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STATE HOUSE MURDER: DPP murdered Issa Njauju, an ACB Director, to get away with corruption

Issa Njauju. He was ACB Director of Corporate Affairs and was murdered by DPP operatives to nub his corruption report

 

Written By Wise One from the East

 

Reading a statement by the Democratic Progressive Party (DPP) which is purportedly joining in on the condemnation of the arrest of the ACB Director, Martha Chizuma, leaves one laughing and sad at the same time. Laughing because the DPP thinks an arrest of an ACB Director is serious compared to murdering an ACB Director. Sad because it brings us memories of how Issa Njauju, who was the ACB Director of Corporate Affairs at the time got gruesomely murdered by DPP operatives one of which has since been charged.

 

Issa Njaunju was gruesomely murdered. His body was found buried somewhere in Lilongwe, the capital city of Malawi, few kilometres from Kamuzu Palace, the official residence of Malawi President where the then tenant was Professor Arthur Peter Mutharika of the DPP.

Njauju went missing on July 2, 2015 before his body was discovered two days later behind Presidential Villas where the current ACB Director Stays. The body had bullet wounds on the neck and stomach, according to postmortem results.

His official vehicle, a Toyota Hilux double cabin, was later found burnt along Ntandile Road in Area 49 within the city but in ashes. Malawi mobile operators, using their hightech, located the phone of Issa Njaunju in or around Falls Estate.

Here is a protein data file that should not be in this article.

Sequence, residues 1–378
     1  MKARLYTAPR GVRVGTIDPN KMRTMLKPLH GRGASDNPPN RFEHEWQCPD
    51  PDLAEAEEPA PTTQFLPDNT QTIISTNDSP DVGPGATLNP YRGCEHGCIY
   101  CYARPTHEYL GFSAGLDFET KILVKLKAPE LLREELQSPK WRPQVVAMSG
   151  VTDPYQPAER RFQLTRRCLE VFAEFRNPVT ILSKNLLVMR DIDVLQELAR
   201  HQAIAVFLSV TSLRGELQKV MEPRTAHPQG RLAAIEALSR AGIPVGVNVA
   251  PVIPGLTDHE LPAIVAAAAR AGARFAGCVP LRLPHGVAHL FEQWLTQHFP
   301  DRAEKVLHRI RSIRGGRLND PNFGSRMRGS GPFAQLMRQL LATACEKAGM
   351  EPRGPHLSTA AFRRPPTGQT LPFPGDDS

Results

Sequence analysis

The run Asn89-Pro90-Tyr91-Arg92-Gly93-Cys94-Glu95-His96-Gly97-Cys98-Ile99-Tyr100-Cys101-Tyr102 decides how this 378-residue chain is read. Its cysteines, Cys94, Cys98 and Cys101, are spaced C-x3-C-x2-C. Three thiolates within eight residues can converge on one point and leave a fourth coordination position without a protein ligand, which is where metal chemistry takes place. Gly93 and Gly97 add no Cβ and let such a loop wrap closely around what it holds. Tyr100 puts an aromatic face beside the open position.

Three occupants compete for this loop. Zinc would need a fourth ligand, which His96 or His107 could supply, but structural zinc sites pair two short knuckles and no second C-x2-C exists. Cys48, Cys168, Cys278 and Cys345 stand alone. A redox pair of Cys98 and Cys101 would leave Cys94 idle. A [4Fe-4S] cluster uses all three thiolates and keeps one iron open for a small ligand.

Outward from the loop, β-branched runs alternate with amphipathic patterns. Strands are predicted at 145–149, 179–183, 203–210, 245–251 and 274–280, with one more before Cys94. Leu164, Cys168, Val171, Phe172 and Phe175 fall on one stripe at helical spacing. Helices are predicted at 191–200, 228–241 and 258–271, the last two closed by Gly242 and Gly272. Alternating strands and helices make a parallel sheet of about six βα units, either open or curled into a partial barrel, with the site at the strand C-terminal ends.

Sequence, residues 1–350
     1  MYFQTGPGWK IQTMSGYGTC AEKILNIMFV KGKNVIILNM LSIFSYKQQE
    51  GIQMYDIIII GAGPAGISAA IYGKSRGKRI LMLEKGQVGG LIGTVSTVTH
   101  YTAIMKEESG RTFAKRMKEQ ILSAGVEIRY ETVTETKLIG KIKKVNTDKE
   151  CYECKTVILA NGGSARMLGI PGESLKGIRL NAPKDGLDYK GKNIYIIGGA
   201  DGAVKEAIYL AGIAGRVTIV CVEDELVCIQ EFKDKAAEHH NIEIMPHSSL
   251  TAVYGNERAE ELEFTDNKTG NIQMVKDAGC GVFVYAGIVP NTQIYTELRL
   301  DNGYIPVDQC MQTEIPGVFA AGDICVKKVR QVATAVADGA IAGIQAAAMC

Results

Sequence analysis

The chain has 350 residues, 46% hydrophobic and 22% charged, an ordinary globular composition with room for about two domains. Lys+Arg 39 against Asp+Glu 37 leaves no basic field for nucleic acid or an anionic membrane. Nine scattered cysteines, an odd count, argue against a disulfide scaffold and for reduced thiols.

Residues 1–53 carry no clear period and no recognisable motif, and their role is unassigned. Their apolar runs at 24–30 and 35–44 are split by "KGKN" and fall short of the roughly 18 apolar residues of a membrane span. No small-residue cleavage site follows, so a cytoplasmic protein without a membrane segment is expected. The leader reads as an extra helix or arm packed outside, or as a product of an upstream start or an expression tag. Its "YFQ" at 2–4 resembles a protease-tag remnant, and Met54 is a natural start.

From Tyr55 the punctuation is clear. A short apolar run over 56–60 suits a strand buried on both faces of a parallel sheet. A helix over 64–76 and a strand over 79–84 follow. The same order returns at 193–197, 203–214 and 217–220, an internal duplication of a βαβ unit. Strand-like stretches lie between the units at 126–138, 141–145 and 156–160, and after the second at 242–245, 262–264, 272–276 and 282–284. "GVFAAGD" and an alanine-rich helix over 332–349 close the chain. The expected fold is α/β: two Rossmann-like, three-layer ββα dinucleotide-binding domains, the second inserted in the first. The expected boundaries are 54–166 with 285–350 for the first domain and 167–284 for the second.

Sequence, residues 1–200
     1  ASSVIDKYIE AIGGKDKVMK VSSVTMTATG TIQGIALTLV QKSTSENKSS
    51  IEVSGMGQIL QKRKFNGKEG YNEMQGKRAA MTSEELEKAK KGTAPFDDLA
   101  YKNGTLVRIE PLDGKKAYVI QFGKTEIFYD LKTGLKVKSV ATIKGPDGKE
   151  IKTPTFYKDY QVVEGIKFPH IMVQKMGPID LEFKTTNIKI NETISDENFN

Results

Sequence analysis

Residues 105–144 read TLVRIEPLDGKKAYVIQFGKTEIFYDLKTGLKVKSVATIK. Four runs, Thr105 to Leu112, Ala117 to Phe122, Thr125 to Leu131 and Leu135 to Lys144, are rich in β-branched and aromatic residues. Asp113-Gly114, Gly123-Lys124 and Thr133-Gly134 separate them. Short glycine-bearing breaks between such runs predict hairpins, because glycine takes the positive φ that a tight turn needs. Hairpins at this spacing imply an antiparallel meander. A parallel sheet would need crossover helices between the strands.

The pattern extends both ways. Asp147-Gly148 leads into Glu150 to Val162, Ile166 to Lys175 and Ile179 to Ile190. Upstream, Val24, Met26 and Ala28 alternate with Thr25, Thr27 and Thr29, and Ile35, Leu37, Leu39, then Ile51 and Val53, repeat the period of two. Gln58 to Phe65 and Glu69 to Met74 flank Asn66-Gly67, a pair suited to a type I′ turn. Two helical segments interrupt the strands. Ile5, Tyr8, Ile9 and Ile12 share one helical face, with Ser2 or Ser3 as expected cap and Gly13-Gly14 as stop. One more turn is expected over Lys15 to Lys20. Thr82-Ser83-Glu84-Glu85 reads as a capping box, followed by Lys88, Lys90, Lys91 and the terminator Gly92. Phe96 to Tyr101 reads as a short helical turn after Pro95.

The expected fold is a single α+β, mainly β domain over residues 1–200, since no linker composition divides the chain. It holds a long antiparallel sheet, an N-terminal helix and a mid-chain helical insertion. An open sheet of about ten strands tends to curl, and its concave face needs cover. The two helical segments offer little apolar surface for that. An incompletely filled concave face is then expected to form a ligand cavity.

Investigations revealed that the ACB received over 20 letters from different sources on how a then State House staffer and Mutharika long time private bodyguard, Norman Paulos Chisale, who had been at State House for less than a year and by the time of Njaunju murder, had accumulated a lot of wealth.

The dossier among other things, wanted Mutharika to know that Norman Paulos Chisale owned, from inexplicable sources and means, among other things, the following assets: a Hummer H3 silver, a Toyota Fortuner 2014 model black, a Toyota V8 metallic grayish, a Red coupe, Toyota quantum minibuses (5), White Mercedes Benz C 200,  Toyota D4D (5), White Ford Ranger Sport,  Trucks (4), Passenger buses (3),  Nissan Tilda Latio (2), Toyota Collora (previously owned by Mutharika Chef), Audi A6L, a mansion in BCA, a plot in Area 6, a mansion in Area 3 plus a lodge in Mangochi.

Investigations revealed that, Paulos Norman Chisale who worked as Director of Security for Mutharika, by the time Njaunju was murdered was a P3 (Assistant Director) and his salary was less than MK 600,000 per month.

The cars alone which Paulos Chisale bought between 2014 to 2015, before Njaunju was killed could be valued at over MK 320 million, when the annual net salary of Chisale was less than MK 10 million at the same period. Even including the foreign travels which Mutharika had at that particular time, Norman Paulos Chisale could not afford to buy those 25 state-of-the-art cars he owned.